Add the ground beef (or lamb), crumbling it as you add it, and cook it for another 10 to 12 minutes until it’s not pink anymore.
Next, add the Worcestershire sauce and the broth. Get this to a simmer and let it cook for another 10 minutes. It should look like this:
Mix in the peas at this point.
3 to 4 lbs. of whatever potatoes you got goin’ on, peeled and cubed into 1″ chunks (russets or white ones work best…but to use the red skinned ones for some visual sexiness would kick ass…I’ll try that next time.)
a few tablespoons of margarine or butter
Salt and pepper to taste
1/4 cup o’ milk or cream (what you choose depends on your level of indulgence)
1 cup cheddar (the Boome recipe calls for aged English cheddar, and I know he’s right, but I had run-of-the-mill supermarket cheddar tonight, and it was great too.)
Get a pot of salted water boiling well, add the potatoes, and get them mashable, about 15 to 20 minutes (to check, take a chunk of potato out of the water and a fork should split it apart easily, leaving crumbs and residue on the fork)
Drain the potatoes and add the rest of the ingredients. Use a masher or electric mixer to get them fluffed. Important! You want these taters to be firm rather than soft because you will want to shape them into peaks on top of the Shepherd’s Pie.
Get a 9″ x 13″ baking dish (or something equivalent or whatever you have in terms of baking dishes…that’s what the Irish would do), spoon in the beef mixture, and make it an even layer:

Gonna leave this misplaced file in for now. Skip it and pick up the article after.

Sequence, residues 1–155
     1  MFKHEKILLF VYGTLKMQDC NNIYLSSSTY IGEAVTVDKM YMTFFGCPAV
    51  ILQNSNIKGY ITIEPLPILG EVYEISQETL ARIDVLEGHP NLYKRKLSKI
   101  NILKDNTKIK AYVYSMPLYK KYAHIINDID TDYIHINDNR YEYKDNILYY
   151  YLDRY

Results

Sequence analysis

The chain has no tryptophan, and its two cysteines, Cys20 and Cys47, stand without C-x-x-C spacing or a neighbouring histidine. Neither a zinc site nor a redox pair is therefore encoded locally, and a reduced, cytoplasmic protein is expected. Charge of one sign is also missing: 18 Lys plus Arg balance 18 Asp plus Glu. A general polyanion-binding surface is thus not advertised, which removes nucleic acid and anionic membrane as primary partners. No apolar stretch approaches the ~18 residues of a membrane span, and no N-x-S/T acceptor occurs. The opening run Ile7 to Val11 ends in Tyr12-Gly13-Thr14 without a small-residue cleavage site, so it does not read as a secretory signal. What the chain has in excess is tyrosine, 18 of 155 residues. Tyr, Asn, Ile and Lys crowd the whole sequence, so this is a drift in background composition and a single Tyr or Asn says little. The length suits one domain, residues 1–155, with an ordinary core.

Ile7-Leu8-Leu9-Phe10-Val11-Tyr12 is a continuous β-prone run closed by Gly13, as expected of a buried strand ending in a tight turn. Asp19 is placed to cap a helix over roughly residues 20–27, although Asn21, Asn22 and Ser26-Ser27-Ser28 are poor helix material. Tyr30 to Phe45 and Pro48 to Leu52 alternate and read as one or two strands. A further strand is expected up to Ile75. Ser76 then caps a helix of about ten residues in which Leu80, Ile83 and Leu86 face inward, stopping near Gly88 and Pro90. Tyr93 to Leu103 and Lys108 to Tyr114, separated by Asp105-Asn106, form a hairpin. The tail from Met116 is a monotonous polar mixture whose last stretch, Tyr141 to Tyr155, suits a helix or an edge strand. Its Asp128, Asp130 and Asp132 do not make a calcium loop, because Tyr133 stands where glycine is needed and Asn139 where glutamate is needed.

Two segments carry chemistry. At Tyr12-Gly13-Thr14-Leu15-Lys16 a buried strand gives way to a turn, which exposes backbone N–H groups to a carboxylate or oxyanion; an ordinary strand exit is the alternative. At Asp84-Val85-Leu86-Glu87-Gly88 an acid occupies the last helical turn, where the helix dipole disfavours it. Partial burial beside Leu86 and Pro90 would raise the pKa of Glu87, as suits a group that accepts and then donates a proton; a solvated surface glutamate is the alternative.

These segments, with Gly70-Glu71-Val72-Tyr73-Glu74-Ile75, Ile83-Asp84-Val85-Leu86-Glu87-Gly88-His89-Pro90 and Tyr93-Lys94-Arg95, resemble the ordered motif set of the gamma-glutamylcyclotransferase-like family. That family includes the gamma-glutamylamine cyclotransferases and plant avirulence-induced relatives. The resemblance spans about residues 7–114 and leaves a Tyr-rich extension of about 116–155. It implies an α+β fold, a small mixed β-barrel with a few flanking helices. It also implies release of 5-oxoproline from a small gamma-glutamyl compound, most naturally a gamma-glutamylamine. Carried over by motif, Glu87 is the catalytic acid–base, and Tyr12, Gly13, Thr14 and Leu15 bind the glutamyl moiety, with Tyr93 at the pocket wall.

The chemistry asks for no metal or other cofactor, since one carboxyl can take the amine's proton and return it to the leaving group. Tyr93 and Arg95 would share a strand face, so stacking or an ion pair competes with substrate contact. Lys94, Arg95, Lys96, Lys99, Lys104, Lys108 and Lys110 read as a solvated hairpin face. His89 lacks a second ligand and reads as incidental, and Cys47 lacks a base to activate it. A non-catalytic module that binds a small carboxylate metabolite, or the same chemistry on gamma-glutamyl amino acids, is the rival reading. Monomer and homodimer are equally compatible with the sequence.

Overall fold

(Note: I added the peas right after this, hence the omission here.)
Now spoon on the mashed potatoes, and do it like you’re frosting a cake or you will mix up the beef melange with it too much. In other words, spoon dabs of it all over and then gently spread it out until you’ve used all of the mashed pots.
This is the fun part. Take a fork and run it all over the potatoes to give it texture. Make peaks and stuff like that so it will crisp up. Here’s what mine looked like before the oven:
Stick this in the oven for 20 minutes. In the last 3 minutes, turn on the broiler and get the top even crispier. Be careful not to burn it, so glue yourself to the oven window and watch it until you get that tingly sensation in your nether regions. This is what I took out this evening:
To serve this, take a big ol’ serving spoon and dig to the bottom and try to lift it out like a pie. It’s supposed to be a bit of a pile, so don’t get OCD about it, Cake Boss. Here it is:
You can serve this with green beans or a veggie, of course, but this is pretty filling on its own. Believe it or not, if you notice the recipe, it’s not that bad for you, either…just don’t eat half of it in one sitting.
This serves about 6 people, from my reckoning.
Drink: Weirdly, Chianti. Italian begins with an “I”, and so does Irish, so it makes sense. My rationale? Italian wine is meant to be drunk, not to be stored and gawked at. This dish is meant to be eaten and enjoyed, not to be overanalyzed by Anton Ego. Guinness would be ideal but, alas, I had none.
Until later, eat, drink, and peace out.
© Jon Marino, 2012